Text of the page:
I blog because it gives me a voice. I’m not a particularly brilliant writer. I don’t write about anything particularly deep or political, but my blog is somewhere that I can freely write about whatever I want. As I said above, I’m a very average person from a very average family. I’m not out there making a huge difference to the world, but if one or two people read my blog and go ‘ahh, so that’s normal’ or ‘thank fuck I’m not the only person that thinks that’, I’m doing something positive. I had a friend who had children after me and said that my blog has helped her. If I can help just one person, I’m happy.
Mainly I blog because I want to. Because I enjoy it. Because whilst I may not be the most talented writer in the world, the fact I have a fairly successful blog makes me feel like I’ve achieved something. It stops me from being bored and it has helped me to keep sane. When I started this blog in 2013, I was slipping rather rapidly towards depression. In a very short space of time, I had gone from being a (slim!) 20 something year old, with a good career and an excellent social life to an overweight mum of two (and then 3!) very young children, no money, no social life and no job. I had completely and utterly lost my identity. My blog has literally changed my life in that it has given me some of my confidence back, it’s given me a career and it’s given me some of the best friends I could ever have wished for. My blog is now a huge part of who I am. I’m Rachel – a mum, a girlfriend, a daughter, a sister, a friend and a blogger.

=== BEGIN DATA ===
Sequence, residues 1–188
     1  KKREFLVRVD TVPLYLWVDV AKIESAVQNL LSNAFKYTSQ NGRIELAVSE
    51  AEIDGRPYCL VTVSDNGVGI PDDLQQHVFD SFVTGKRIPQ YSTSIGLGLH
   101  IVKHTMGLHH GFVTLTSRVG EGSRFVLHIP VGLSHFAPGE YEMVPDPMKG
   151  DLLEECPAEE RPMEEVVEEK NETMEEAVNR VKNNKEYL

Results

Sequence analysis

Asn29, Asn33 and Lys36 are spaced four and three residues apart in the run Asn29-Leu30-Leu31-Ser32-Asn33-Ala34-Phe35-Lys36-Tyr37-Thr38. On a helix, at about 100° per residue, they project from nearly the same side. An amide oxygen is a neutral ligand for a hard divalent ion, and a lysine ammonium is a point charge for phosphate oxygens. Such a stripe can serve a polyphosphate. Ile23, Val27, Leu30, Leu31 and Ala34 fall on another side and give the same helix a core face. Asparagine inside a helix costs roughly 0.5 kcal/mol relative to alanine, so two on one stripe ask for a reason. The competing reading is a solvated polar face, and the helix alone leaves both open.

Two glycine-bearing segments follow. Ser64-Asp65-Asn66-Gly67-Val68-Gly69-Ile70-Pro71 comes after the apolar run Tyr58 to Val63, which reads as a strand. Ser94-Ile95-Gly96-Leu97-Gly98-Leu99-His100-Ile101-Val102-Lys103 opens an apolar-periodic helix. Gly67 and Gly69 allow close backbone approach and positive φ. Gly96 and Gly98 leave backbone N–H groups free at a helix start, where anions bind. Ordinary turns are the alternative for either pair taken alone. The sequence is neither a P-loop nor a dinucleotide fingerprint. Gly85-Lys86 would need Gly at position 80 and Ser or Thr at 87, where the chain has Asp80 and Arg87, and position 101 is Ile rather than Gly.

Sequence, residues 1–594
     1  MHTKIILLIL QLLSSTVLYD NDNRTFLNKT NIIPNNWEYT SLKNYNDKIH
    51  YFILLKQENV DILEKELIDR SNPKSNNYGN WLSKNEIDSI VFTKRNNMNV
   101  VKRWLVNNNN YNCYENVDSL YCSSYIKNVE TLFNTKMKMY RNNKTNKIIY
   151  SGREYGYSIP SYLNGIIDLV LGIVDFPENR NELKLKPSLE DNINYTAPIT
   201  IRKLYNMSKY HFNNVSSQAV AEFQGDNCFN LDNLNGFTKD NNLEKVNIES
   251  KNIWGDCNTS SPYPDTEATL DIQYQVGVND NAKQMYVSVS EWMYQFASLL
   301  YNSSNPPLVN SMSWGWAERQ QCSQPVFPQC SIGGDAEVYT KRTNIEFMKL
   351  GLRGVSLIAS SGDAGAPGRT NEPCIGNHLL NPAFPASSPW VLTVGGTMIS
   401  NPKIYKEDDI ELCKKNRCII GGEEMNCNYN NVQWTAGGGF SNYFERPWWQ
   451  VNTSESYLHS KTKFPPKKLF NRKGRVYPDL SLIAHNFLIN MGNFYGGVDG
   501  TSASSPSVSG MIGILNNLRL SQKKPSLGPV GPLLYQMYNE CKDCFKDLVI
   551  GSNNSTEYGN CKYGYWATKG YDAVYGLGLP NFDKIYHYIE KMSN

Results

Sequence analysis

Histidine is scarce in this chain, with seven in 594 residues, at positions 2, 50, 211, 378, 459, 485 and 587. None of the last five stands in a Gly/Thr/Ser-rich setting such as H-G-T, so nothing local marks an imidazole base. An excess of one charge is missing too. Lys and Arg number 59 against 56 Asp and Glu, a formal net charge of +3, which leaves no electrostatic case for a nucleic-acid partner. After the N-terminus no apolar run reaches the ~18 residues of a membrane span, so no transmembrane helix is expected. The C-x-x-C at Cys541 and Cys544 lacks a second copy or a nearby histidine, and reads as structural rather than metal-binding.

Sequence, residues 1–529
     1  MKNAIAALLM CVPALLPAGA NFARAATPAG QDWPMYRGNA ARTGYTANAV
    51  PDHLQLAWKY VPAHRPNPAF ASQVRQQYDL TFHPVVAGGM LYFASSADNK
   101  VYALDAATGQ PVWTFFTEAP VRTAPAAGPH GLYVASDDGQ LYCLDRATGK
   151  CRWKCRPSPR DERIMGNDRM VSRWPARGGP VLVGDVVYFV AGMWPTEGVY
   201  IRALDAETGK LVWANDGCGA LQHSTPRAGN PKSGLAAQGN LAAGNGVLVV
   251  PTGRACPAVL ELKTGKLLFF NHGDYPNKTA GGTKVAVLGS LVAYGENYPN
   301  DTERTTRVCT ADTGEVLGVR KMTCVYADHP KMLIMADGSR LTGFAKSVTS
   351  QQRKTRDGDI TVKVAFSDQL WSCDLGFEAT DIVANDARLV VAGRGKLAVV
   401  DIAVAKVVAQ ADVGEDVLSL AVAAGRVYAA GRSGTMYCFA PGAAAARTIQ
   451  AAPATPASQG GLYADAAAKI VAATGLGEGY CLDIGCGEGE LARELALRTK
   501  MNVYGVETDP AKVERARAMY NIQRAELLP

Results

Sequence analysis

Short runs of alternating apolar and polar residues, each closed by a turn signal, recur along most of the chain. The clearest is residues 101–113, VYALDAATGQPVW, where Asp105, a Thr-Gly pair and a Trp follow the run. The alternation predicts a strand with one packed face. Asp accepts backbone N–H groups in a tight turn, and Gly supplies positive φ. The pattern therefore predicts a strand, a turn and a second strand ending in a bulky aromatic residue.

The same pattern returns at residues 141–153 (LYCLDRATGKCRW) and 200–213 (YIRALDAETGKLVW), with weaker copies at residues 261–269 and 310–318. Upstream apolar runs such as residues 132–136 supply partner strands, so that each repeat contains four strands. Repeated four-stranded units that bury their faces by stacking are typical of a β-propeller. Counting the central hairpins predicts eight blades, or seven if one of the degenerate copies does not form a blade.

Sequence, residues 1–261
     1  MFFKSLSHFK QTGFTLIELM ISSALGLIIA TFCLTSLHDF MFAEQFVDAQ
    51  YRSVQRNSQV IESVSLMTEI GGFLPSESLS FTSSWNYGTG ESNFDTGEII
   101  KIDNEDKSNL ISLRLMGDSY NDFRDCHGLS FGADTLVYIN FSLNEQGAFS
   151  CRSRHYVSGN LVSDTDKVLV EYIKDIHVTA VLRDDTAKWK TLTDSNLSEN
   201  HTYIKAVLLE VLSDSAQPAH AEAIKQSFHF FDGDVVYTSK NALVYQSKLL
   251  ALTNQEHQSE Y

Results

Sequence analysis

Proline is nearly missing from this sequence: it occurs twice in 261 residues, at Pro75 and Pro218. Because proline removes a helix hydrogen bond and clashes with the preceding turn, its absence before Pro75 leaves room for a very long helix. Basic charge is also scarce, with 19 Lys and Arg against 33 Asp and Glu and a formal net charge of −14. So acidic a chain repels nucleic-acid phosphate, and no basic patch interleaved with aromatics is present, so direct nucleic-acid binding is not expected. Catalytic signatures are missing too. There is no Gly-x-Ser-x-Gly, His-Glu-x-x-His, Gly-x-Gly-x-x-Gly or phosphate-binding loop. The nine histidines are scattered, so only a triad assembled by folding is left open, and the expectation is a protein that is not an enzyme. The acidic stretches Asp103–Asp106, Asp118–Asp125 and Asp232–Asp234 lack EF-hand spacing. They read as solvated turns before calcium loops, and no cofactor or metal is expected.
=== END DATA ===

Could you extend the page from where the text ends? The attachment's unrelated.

That’s why I blog.
So whilst there might be 10000’s of ‘mummy bloggers’ out there, all doing the same sort of thing, don’t criticise them. They’re doing something for them and for their children.